Last week I had the pleasure of meeting Laura Click in downtown Nashville. She had an incredible story about how people used the social web to pull together amidst the greatest catastrophe in the city’s history and was kind enough to share her story with the {grow} community. If you would like to donate to the flood relief effort, I will match your contribution up to a total of $1,000. Honor system – I trust you.  Just send me a DM on Twitter and tell me what you donated and I will match it.  I’ll post a running total in this spot throughout the day. Current reader donations total $855 + match = $1,710. Here is Laura’s post:

In the wake of the catastrophic flooding throughout Nashville last weekend, social media has proven to be an essential communications tool throughout the crisis. In my experience, the most relevant and up-to-date information came from blogs, Twitter and Facebook.

During last Sunday’s storm, 44,000 Nashvillians were without power (myself included). The only way I was able to receive critical information about the severe weather advisories and the growing flood problem was through Twitter and Facebook on my phone.

In the days following the storm and subsequent flooding, my social media circle has continued to keep me informed about road closures, the need to conserve water and how to volunteer with relief efforts. It has been amazing to see the exchange of important, timely information take place online.

The Nashville flood has proven that you don’t need to be a journalist to share valuable information during a crisis. Thousands of citizens have used social media to share their first-hand accounts of the flood. Simply follow the #nashvilleflood hashtag on Twitter and you’ll see a real-time conversation about where help is needed most, photos of the damage throughout the city and positive stories of people who’ve made a difference.

Social media has also amplified how individuals, groups and businesses have found their own unique ways to help flood victims. While some of these efforts have been covered in traditional media, most groups have used Twitter, Facebook and blogs to get the word out. Here are some great examples of the work being done throughout Nashville that have been heavily promoted online:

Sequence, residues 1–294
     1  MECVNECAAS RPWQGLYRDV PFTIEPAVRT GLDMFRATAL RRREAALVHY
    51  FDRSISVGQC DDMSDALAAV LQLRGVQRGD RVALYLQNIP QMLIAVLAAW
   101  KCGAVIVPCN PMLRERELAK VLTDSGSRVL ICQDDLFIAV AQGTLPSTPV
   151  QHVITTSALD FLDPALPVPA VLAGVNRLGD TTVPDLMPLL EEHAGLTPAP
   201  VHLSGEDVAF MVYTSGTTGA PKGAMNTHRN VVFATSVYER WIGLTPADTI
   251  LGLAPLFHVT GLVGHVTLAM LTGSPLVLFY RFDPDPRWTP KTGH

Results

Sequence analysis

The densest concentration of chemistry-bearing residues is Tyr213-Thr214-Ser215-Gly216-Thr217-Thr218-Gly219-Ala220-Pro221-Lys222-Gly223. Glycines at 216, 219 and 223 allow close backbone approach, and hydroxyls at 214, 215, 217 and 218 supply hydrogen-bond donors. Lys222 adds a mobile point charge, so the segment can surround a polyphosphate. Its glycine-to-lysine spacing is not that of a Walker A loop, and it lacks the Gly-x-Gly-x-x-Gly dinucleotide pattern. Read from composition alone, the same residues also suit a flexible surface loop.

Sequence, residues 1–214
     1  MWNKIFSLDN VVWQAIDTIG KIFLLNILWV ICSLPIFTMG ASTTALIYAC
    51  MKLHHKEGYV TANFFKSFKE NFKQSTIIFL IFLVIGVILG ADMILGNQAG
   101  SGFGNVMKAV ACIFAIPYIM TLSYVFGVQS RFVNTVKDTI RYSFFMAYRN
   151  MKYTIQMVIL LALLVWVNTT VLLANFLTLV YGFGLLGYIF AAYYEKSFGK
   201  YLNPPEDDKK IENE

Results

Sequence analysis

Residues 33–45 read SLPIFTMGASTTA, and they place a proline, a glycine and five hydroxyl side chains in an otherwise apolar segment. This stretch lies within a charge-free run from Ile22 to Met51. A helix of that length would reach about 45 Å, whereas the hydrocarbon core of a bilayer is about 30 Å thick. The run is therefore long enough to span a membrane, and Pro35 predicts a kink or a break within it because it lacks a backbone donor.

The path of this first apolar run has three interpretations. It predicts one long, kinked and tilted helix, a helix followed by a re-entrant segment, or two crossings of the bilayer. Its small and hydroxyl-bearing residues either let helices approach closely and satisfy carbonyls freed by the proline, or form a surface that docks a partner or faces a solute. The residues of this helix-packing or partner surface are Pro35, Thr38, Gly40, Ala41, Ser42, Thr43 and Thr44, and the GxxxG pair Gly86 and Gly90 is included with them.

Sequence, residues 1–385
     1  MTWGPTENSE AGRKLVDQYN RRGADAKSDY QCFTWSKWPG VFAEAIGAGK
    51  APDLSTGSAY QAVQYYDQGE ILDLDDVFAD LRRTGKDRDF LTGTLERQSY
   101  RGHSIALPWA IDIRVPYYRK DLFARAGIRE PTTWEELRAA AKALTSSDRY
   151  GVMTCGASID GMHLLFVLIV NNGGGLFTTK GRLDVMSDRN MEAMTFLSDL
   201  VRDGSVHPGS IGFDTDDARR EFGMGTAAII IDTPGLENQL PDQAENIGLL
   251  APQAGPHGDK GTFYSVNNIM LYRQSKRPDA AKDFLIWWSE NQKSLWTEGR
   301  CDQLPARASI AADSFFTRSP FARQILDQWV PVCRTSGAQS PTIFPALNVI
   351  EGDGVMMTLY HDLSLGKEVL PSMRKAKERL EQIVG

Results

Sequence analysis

• Web site resource. A group of web developers and bloggers banded together to create Donate Nashville, a Web site where flood victims can request assistance or needed items, and volunteers can find ways to donate time and money.
  • Nashville flood t-shirts & posters. A number of graphic designers have created t-shirts and posters with proceeds benefitting a variety of charities supporting flood relief efforts.
  • Business discounts and donations. Many local businesses and restaurants have donated portions of their sales to charities or offered discounts to volunteers.

If it weren’t for social media, many people wouldn’t know about Nashville’s flood disaster. As other bloggers have noted, it took days for the national media to sit up and take notice. And when they did, I credit social media for getting them here.

Some bloggers have received huge national exposure because they did the leg work before the national media arrived. For instance, a post entitled “We are Nashville” from a local hockey blogger has received more than 900 comments and was even mentioned on The Huffington Post.

If you ever question the power of social media, look at how it has been used to connect people during a crisis.

Just ask the people of Nashville.

Laura Click is a marketing consultant in Nashville, Tenn. You can find out more about Laura at www.lauraclick.com, or by following @lauraclick on Twitter.

Image credit: Nashville Flood Tees

 

An eye-popping integration of digital media

This short video was a total “wow” for me — and a digital best practice to share with you.

The case study shows an inventive way of integrating several digital technologies to engage people in a charitable cause  … people on the street actually interact with a digital projection of a homeless man through text messages.

The only thing missing here is results. How much did this cost? What were the goals and were they achieved?  This was an attention-grabber (and there is certainly value in that) but would the money have been better spent buying meals at a mission?

Regardless, this is an exciting demonstration I think you’ll enjoy. Please take a moment to let me know what you think in the comments below!

Thanks to our dear friend Sidney Eve Matrix for introducing this video to our community.